Pale Highway is a novel that talks about such diverse themes as Alzheimer’s, nursing homes, the nature of the immune system, autopoiesis, and what it means to be human. But it’s also a novel that centers around the mind of one particularly strange human being, an introverted scientist by the name of Gabriel Schist.
In Gabriel, we find a man with enormous personal strengths — but many equally enormous flaws that existed even before the day he was diagnosed with Alzheimer’s.
Without Gabriel Schist, there is no Pale Highway. And one of the things we quickly learn, as we embark on this journey with Gabriel, is that he’s not a narrator we can particularly trust: the state of his dementia is in constant decline. As the story progresses, becomes less and less clear what is reality, and what is imagined.
To that end, in assessing his person, our only hope is to connect the dots, and hope that we’re getting them right.
When we first meet Gabriel at the start of the book, we witness a man whose greatest achievements appear to be long behind him.
Gabriel is the Nobel Prize-winning inventor of a vaccine that changed the world. But Alzheimer’s disease has stripped him of his dignity, and he is spending his last few years in a nursing home known as Bright New Day, where he is constantly treated with sympathy, condescension, and amusement. His once-brilliant mind is tearing itself to pieces, as all of the memories in his life—all of the achievements that he used to define himself—are fading from him, leaving him as little more than a confused old man with a cane.
He struggles to button shirts. He wets the bed. He’s not the same man he once was, and he knows it. Even worse, he knows that it’s only going to get worse from here on out.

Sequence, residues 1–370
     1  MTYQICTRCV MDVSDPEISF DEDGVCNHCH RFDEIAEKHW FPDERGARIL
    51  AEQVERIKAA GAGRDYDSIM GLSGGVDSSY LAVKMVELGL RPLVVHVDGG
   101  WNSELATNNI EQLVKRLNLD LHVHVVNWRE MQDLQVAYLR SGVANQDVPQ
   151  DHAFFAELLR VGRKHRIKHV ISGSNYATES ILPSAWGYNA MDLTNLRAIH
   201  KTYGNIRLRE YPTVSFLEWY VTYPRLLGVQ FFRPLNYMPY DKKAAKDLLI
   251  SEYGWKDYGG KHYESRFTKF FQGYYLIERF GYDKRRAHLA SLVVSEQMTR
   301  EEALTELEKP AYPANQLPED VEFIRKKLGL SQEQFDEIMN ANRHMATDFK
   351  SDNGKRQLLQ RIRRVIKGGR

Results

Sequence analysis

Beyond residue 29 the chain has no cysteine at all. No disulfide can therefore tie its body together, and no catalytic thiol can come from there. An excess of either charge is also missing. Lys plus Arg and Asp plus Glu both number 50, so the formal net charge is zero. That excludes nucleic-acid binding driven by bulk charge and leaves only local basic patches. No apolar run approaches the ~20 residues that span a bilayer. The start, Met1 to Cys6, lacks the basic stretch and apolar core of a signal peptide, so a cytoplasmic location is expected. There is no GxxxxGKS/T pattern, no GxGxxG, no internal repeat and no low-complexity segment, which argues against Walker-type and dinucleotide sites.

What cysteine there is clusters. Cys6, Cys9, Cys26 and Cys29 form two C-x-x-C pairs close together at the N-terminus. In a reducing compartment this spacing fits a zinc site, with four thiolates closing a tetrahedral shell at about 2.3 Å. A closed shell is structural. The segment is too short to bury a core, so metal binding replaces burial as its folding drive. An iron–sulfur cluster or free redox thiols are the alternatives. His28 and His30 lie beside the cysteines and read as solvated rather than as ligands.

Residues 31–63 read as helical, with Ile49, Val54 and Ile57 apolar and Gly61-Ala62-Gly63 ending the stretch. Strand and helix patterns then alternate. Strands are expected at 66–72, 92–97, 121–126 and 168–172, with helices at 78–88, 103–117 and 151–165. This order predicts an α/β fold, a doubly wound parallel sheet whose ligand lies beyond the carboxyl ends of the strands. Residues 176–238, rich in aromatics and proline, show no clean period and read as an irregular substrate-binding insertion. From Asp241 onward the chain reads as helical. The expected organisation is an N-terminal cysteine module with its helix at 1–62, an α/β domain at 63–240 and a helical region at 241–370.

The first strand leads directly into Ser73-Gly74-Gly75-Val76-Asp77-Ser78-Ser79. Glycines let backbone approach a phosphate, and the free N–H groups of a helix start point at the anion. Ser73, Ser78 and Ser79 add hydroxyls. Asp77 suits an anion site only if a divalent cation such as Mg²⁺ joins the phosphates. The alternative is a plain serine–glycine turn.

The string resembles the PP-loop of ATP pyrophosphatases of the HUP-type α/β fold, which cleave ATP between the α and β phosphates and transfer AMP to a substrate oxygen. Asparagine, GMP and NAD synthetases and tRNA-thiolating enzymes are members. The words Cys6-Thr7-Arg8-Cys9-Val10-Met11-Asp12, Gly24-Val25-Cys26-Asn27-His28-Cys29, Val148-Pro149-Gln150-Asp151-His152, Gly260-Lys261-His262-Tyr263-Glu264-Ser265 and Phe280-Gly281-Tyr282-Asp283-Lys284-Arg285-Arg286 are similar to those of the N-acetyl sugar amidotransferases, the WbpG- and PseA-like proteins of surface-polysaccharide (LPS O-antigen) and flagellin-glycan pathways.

This would be tragic enough, but as we delve deeper into Gabriel’s past, an even muddier truth reveals itself: even before Alzheimer’s stole his memories, Gabriel was a man who failed at many things in his life — things he never quite forgave himself for.
On the surface, Gabriel Schist would seem to be a success story. A child prodigy who predicted HIV decades before it existed, Gabriel was a gifted, brilliant figure fueled a stubborn drive for results, who spent his entire life creating a vaccine that saved countless lives, and rightfully won the Nobel Prize for his efforts. Gabriel’s inspirational life story is one that would go on to inspire countless youth, including his future caregiver Harry Brenton.
But Gabriel’s greatest gift, his brilliant mind, was also his greatest weakness.
Gabriel was indeed a child prodigy, but he faced the same struggles that many young geniuses face: a profound sense of isolation. Introverted, studious, and focused only on his passion for the immune system to the exclusion of schoolwork and games, Gabriel always felt like an outcast. Gabriel’s well-meaning parents struggled to connect with him, Gabriel didn’t connect to his classmates, and all of these ingredients brewed the perfect concoction for a future alcoholic.
And sure enough, an alcoholic is what Gabriel became. His studies were mocked by the scientific community, and shut down at every turn. His drinking increased, until it destroyed everything he loved. And this struggle against his own demons defined much of Gabriel’s life, until somehow he was able to turn it around.
And then, right as he sailed over the horizon line and finally found happiness, the Alzheimer’s fairy sprinkled her magic fairy dust on his brain, burning away all of the achievements he’d fought so hard for.
At the beginning of Pale Highway, Gabriel faces his greatest challenge yet: insignificance. He faces the stark reality of the nursing home system, a place where over a hundred people have been packed into tiny rooms, their every need taken care of, but knowing that the only escape will be the hand of death. For a man whose entire life revolved around his brain’s ability to perform complicated tasks, Bright New Day is the worst fate that Gabriel could ever have imagined.
But then on one bizarre night, just when Gabriel is at his lowest point, a slug crawls up to him—and it speaks.
As Bright New Day faces the advent of a terrifying new superbug referred to in whispers as “the Black Virus,” Gabriel will be forced to reckon with his flaws in one last ditch chance at saving the world again.
His past will come to haunt him. His future, and the future of everyone around him, will depend on his ability to beat the impossible odds stacked against him, as he faces a virus far more complex than anything he’s ever seen — a threat that is being covered up by the government, and leaving its victims paralyzed with black eyes and throbbing black veins. He stopped a virus before. Can he do it again?
Let’s hope so.